Under the scheme, the government has committed to cover 50% of the design-related costs incurred by startups, up to a maximum limit of Rs 15 crore.
In an effort to boost India's self-sufficiency in chip production, Rajeev Chandrasekhar, the Minister of State for IT and Electronics, announced on Saturday that the government plans to extend the Semiconductor Design-Linked Incentive (DLI) scheme to larger corporations. Previously, this initiative was only available to startups.
"One of the suggestions that have come up is that the design side not be limited only to startups. If there's a big Indian company or a big foreign company that wants to do chip design in India, we should allow the future design scheme also to support them. So, I am studying that," the minister told reporters on the sidelines of the SemiconIndia 2023 conference in Gandhinagar.
"We could say that as long as the intellectual property is Indian, anybody who has an original chip design can apply to it, and we will look at supporting it financially," the Minister added.
The Semiconductor Design-Linked Incentive (DLI) scheme is a part of the government's wider Rs 76,000-crore semiconductor incentive program, with Rs 1,000 crore specifically allocated for the DLI scheme.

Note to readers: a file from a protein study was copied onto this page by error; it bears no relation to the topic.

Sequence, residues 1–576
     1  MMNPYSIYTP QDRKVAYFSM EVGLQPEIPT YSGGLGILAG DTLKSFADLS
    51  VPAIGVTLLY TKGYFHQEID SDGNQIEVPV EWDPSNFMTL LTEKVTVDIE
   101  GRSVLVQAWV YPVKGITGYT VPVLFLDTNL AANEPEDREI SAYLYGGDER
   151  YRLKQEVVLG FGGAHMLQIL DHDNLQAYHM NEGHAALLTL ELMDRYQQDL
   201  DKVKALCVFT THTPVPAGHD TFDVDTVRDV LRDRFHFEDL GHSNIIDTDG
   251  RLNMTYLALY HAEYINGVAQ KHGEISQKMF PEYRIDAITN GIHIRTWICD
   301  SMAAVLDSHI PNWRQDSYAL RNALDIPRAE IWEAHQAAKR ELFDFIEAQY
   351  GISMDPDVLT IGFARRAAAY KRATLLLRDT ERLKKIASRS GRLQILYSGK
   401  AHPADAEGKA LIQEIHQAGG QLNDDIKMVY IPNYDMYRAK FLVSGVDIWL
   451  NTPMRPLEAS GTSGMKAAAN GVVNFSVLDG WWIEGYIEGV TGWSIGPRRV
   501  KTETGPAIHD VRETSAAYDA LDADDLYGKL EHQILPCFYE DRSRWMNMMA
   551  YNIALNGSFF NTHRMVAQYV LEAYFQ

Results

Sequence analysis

Under this scheme, the government will refund half of the design-related expenses incurred by startups, up to a limit of Rs 15 crore. Additionally, the government will offer deployment-linked incentives ranging from 4% to 6% of the net sales turnover over a five-year period, capped at Rs 30 crore per application.
These incentives will be granted to those applicants whose approved semiconductor designs - which could include integrated circuits (ICs), chipsets, system on chips (SoCs), systems & IP cores, and other semiconductor-related designs - are utilized in the production of electronic goods.